Are you a woman, or a mouse? (Annie Dillard The Writing Life)
When to practice karate? This is always the question. I’m constantly trying to fit in all the things I enjoy doing, things that define me.
I finally have the time: since September, my children have been enrolled in full-time school. Ah, the joy of experiencing, for the first time in six and a half years, a long stretch of time: the hours between 9:30 and 3:00 (or, more realistically, between 10:00 and 2:00, for I need time to clean the kitchen, shop for groceries, prepare meals. Not to mention the time needed to eat that indispensable second breakfast.) But seriously, I’m convinced that every stay-at-home parent remembers that first day when their children stay away from the house for an extended period. I mean, a WHOLE DAY!
My main problem is that once I start doing something, I don’t want to stop and move on to something else. Do you know “Eureka,” that 1980s TVO cartoon on the Laws of Physics? There was one called Inertia. Inertia: that’s me. I always picture myself as the pebble in the cartoon: once you give me a push, I keep on rolling.
In practice, that means that if I start my morning off by writing, by afternoon I’ll still be writing. On the other hand, if I start my day seasonally categorizing my kids’ clothes, by the afternoon I’ll still be kneeling on my daughter’s purple rug, sorting through an unholy mess of bottoms and tops (my mother-in-law, bless her, is a passionate shopper who raised three boys, and is therefore thrilled to overbuy for her granddaughters), trying to decide if the hole in the bottom of her tights can actually be seen if she’s wearing a skirt over top, and, if so, if she can get away with wearing the tights another season (I’m the opposite of my mother-in-law – I dislike shopping and I hate throwing things out.)
Also, if I start my morning doing karate, hours later I’ll still be doing karate. After finishing last year’s summer day-long karate training, I felt primed to continue training for three more hours.
Because of my innate inertia, I make it a point to begin each morning by writing. Since September (not counting Jewish Holidays – why oh why are there so many darn holidays, and why, again, are we sending our kids to a Jewish school?), this has been my schedule: return home from school drop-off; eat a second breakfast; drink a caffeinated beverage; write for three hours; and eat lunch. The afternoon is a mixed bag of reading, meal prepping, grocery-shopping, tidying our narrow front hallway (ancient Victorian houses, sheesh), and doing anything else that needs to get done. All this to prepare for that moment when my lovely, high-energy children crash through the house, demanding that I fulfill their urgent needs. Yesterday, while I sat by the local pool watching my eldest take her swimming lessons, my three-and-a-half year old tried to get my attention by poking my, umh, chest, a practice I put a stop to immediately.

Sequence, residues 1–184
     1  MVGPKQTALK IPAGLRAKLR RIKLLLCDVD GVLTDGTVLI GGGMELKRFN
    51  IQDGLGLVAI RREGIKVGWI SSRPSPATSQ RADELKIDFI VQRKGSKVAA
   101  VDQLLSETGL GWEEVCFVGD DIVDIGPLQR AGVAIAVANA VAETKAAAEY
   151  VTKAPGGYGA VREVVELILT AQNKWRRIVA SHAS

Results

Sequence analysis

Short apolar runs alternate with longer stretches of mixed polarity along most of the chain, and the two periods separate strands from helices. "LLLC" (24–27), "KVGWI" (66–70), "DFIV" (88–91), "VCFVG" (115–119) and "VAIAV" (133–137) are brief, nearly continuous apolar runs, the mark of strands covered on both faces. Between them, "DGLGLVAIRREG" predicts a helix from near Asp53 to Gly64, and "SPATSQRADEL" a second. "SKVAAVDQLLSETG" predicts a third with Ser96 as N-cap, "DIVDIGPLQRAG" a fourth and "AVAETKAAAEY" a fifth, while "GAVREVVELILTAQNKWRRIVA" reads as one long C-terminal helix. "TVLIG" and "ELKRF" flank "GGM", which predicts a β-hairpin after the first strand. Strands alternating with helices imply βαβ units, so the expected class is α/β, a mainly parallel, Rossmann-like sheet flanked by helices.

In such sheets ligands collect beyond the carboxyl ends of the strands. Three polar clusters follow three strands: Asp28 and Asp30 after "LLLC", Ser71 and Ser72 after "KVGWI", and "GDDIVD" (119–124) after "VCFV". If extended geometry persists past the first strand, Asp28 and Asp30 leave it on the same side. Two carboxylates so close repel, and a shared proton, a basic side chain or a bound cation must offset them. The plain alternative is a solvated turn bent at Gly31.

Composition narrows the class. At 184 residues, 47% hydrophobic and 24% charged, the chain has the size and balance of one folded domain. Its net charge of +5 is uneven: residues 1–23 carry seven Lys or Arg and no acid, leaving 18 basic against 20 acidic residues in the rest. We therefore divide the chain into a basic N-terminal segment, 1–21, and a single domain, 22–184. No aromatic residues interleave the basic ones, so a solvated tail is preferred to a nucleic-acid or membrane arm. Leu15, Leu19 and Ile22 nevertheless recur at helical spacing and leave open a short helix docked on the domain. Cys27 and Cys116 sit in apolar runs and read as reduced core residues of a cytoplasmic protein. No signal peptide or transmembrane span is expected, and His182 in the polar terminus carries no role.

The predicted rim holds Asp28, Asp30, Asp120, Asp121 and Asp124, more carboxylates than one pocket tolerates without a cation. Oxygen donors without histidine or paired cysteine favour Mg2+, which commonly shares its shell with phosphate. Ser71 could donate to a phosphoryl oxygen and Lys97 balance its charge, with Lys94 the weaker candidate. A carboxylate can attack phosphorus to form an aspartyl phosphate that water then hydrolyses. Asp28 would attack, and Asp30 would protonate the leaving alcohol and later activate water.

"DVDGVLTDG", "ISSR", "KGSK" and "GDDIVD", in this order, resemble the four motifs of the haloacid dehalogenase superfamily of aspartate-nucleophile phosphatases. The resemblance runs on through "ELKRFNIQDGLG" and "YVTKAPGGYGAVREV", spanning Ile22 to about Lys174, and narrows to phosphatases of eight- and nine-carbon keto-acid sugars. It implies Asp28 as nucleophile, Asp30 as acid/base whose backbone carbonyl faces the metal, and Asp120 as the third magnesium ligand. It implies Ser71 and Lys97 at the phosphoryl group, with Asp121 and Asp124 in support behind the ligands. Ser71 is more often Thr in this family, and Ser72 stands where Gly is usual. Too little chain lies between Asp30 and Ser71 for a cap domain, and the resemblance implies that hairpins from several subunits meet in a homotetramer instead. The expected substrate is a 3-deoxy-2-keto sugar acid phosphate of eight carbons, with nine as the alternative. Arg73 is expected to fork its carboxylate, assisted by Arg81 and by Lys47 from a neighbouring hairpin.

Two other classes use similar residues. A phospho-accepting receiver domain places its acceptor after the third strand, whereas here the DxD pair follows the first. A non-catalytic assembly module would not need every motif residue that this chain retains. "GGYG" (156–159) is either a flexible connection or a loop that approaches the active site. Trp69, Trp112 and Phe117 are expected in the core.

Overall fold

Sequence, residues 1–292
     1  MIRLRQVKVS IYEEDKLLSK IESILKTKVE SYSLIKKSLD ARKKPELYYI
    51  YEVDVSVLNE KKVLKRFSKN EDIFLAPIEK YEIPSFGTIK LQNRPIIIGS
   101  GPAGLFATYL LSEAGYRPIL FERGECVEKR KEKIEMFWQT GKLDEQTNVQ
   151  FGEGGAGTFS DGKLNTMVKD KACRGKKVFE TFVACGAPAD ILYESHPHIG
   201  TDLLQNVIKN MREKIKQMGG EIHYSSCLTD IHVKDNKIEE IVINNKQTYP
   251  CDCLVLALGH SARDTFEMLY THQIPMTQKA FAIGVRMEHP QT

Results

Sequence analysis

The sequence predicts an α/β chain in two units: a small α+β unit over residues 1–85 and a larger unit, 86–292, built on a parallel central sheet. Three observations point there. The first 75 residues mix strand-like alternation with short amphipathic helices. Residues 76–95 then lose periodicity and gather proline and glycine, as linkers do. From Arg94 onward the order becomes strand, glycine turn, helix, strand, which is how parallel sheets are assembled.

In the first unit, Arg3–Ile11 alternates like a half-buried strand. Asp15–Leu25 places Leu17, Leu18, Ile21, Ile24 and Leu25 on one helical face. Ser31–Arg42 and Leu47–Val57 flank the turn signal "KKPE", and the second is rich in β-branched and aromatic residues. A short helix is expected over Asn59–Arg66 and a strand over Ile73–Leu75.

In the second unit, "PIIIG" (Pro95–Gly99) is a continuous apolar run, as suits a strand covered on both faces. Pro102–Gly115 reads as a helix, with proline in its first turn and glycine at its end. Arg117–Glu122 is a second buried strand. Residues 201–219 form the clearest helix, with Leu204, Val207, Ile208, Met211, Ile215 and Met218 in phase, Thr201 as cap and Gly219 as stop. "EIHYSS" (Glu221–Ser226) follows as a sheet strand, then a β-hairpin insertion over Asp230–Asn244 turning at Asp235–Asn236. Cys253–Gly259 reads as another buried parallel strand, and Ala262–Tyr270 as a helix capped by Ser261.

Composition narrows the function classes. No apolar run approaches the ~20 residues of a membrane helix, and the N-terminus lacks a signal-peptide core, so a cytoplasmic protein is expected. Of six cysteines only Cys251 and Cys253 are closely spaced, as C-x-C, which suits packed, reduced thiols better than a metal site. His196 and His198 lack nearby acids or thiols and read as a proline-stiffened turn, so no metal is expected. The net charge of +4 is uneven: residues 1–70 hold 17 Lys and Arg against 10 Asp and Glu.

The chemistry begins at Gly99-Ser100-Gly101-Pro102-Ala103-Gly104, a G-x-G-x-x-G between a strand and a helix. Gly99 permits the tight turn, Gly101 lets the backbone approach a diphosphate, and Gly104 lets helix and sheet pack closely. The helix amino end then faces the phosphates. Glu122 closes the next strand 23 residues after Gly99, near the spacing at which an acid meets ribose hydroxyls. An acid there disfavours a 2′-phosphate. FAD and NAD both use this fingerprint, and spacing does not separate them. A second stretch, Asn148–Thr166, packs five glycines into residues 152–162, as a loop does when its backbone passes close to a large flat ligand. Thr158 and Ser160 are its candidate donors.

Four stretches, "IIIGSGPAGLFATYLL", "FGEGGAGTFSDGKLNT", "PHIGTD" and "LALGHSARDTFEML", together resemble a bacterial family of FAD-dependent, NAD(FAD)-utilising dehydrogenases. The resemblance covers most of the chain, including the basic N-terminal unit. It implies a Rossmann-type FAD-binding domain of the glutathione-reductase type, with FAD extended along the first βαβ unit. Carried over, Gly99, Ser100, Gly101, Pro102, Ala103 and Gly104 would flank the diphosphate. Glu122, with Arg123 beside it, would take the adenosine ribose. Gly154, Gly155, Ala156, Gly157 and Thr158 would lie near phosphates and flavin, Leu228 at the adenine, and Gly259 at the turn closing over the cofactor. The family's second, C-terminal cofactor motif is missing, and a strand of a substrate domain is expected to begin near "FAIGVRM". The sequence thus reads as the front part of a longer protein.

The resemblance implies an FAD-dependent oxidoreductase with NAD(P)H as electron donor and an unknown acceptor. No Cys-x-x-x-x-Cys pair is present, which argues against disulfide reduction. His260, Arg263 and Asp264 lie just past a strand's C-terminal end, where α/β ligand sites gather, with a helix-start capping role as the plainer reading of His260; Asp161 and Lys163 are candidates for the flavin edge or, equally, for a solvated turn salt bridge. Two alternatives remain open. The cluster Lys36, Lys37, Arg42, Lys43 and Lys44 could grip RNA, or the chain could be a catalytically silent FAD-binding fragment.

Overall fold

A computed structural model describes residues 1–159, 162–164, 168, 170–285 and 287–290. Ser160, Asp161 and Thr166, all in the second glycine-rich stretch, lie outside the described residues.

I am not like the extraordinary Carrie Snyder, an inveterate multi-tasker. Last spring, I read in awe that she was entertaining a sick kid (one of four), meal prepping, and proofing her latest book—simultaneously. (The Juliet Stories is nominated for the Governor General’s Literary Award. You can find Carrie at http://carrieannesnyder.blogspot.ca/.) I could never do this kind of multi-tasking. Never. For one, I hate interruptions. For another, there’s that small problem of inertia.
I’ve somewhat come to terms with the fact that I’m a long-distance runner, rather than a sprinter. And I’m embracing my inertia. I’m also starting to think that a much nicer way of talking about my inertia is by referring to it as my aptitude for intense focus.
All this to clarify why I start off each day by writing.
But where does karate fit in? I have three priorities in my life: family, writing, and karate. The order I put these in depends on mood and need, either mine or my loved ones. But how to include all three, more or less on an equal basis?
And how do I fit in all my other passions? I’m an exercise junkie, and I love running, swimming, doing yoga, and muscle training. Above all, I love walking. When I was little, my dad and I used to take long walks through Toronto ravines, and I’ve kept the habit of doing these walks. On these walks, my mind works out all sorts of problems, particularly those related to writing.
At the moment I’m managing to fit in karate practice twice a week, always in the afternoons, on no fixed day (this is in addition to two, formal evening classes). On other days, I go to the Yoga studio. I swim. I walk.
Yesterday, in one of Toronto’s ravines, I stopped walking and let loose some punches, for practice. Just a few moves: I was wearing my long, wool fall coat, probably the most expensive item I own (bought three years ago on Boxing Day), and I was nervous about tearing it. I was also embarrassed, and surreptitiously looked around the ravine to make sure that no one was looking. Would someone, seeing me, assume I was not in my right mind, someone who, in my husband’s words, was “reacting to internal stimuli?”
Then I remembered my old Sensei, Konzak Sensei, speaking about courage. “Are you a man, or a mouse?” he would ask. I’ve always amended this to “are you a woman, or a mouse?” (Yesterday, I was thrilled to come across this same aphorism in Annie Dillard’s book The Writing Life.) So I kept throwing out punches. Then, noticing my shoes were caked in mud, I stopped punching and continued walking.
I’d love to hear from all of you—readers, mothers, karate-ka—about how you include exercise in your routine. And how you manage your numerous passions. In the meantime, I’m embracing something my friend and skillful career coach, Ayelet Magen, says. Balancing is like standing on one foot, she notes: you wobble, move from side to side as you struggle to stay upright.